Health Benefits Under the COBRA
What Is the Continuation Health Law? continued...
Group health plans sponsored by private sector employers generally are welfare benefit plans governed by ERISA and subject to its requirements for reporting and disclosure, fiduciary standards and enforcement. ERISA neither establishes minimum standards or benefit eligibility for welfare plans nor mandates the type or level of benefits offered to plan participants. It does, however, require that these plans have rules outlining how workers become entitled to benefits.
Under COBRA, a group health plan ordinarily is defined as a plan that provides medical benefits for the employer's own employees and their dependents through insurance or another mechanism such as a trust, health maintenance organization, self-funded pay-as-you-go basis, reimbursement or combination of these. Medical benefits provided under the terms of the plan and available to COBRA beneficiaries may include:
- inpatient and outpatient hospital care
- physician care
- surgery and other major medical benefits
- prescription drugs
- any other medical benefits, such as dental and vision care
Life insurance, however, is not covered under COBRA.
The original health continuation provisions were contained in Title X of COBRA, which was signed into law (Public Law 99-272) on April 7, 1986.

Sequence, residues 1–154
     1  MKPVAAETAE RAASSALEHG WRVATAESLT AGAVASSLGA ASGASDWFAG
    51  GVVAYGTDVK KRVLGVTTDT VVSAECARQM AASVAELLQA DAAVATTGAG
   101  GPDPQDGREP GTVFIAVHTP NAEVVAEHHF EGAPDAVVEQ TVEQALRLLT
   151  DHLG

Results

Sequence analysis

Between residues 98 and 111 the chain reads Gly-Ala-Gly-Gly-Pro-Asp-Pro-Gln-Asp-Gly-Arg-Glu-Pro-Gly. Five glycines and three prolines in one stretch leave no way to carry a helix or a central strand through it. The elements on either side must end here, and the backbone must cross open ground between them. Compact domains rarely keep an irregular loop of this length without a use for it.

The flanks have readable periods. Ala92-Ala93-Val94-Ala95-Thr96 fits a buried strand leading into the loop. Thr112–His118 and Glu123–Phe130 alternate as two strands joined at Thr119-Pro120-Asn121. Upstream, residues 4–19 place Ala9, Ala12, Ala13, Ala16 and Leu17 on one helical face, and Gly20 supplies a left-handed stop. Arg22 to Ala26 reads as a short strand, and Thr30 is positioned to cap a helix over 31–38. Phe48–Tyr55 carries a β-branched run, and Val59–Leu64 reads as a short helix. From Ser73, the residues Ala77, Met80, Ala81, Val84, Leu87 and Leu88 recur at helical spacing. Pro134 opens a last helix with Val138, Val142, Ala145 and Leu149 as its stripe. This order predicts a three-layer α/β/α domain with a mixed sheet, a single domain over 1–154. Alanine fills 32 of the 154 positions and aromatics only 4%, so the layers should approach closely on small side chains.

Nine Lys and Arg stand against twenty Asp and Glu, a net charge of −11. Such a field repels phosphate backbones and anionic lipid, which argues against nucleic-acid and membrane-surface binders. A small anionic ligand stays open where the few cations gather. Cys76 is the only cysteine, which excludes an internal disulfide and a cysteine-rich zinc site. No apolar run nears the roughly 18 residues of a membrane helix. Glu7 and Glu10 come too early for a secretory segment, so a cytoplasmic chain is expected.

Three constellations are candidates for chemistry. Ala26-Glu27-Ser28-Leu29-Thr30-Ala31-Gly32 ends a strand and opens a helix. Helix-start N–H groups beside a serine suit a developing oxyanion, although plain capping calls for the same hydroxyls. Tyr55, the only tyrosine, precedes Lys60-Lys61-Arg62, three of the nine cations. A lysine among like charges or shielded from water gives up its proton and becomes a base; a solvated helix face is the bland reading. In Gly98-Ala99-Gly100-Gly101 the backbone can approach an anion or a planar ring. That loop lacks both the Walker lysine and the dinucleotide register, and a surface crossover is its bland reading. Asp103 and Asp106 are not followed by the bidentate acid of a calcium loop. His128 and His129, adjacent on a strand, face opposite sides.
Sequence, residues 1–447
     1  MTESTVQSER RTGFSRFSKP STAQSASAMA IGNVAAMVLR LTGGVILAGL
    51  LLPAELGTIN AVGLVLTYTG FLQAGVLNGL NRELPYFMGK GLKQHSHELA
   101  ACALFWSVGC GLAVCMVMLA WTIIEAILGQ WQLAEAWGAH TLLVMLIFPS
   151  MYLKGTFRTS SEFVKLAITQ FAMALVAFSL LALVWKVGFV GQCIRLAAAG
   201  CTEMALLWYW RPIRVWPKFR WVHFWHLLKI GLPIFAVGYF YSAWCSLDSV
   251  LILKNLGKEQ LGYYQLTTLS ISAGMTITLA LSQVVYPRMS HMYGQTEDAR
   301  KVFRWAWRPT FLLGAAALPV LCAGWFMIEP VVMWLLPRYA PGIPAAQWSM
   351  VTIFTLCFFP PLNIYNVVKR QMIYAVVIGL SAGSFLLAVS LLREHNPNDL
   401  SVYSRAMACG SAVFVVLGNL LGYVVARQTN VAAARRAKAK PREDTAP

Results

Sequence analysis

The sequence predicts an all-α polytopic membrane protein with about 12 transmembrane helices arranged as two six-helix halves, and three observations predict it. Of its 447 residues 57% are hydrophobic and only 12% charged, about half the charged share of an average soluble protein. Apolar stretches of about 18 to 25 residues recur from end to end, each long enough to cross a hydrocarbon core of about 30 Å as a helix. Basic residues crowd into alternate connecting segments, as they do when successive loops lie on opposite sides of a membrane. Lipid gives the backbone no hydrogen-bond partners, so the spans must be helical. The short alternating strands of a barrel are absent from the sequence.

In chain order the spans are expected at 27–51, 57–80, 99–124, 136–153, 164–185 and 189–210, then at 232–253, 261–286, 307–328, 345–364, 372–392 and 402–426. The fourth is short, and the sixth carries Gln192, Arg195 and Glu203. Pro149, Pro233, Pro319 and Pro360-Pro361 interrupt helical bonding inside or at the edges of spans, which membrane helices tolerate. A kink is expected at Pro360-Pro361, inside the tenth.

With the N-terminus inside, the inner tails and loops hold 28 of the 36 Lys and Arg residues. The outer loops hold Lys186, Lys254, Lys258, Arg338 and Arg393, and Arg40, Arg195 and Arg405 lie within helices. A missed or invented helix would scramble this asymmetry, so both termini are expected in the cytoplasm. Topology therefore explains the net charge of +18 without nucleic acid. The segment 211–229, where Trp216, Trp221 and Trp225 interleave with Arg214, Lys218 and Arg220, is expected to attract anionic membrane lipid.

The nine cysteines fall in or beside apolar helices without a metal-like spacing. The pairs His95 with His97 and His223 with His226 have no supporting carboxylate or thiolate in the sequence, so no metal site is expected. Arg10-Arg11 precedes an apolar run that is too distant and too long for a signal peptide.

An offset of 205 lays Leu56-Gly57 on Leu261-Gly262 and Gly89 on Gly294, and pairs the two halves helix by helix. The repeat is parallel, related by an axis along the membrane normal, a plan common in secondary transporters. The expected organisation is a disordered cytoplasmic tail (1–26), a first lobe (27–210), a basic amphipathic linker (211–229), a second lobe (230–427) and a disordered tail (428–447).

2. Provisions of COBRA covering state and local government plans are administered by the U.S. Public Health Service within the Department of Health and Human Services.
Who Is Entitled to Benefits?
There are three elements to qualifying for COBRA benefits. COBRA establishes specific criteria for plans, beneficiaries and events which initiate the coverage.
Group health plans for employers with 20 or more employees on more than 50 percent of the working days in the previous calendar year are subject to COBRA. The term "employees" includes all full-time and part-time employees, as well as self-employed individuals. For this purpose, the term employees also includes agents, independent contractors and directors, but only if they are eligible to participate in a group health plan.
A qualified beneficiary generally is any individual covered by a group health plan on the day before a qualifying event. A qualified beneficiary may be an employee, the employee's spouse and dependent children, and in certain cases, a retired employee, the retired employee's spouse and dependent children .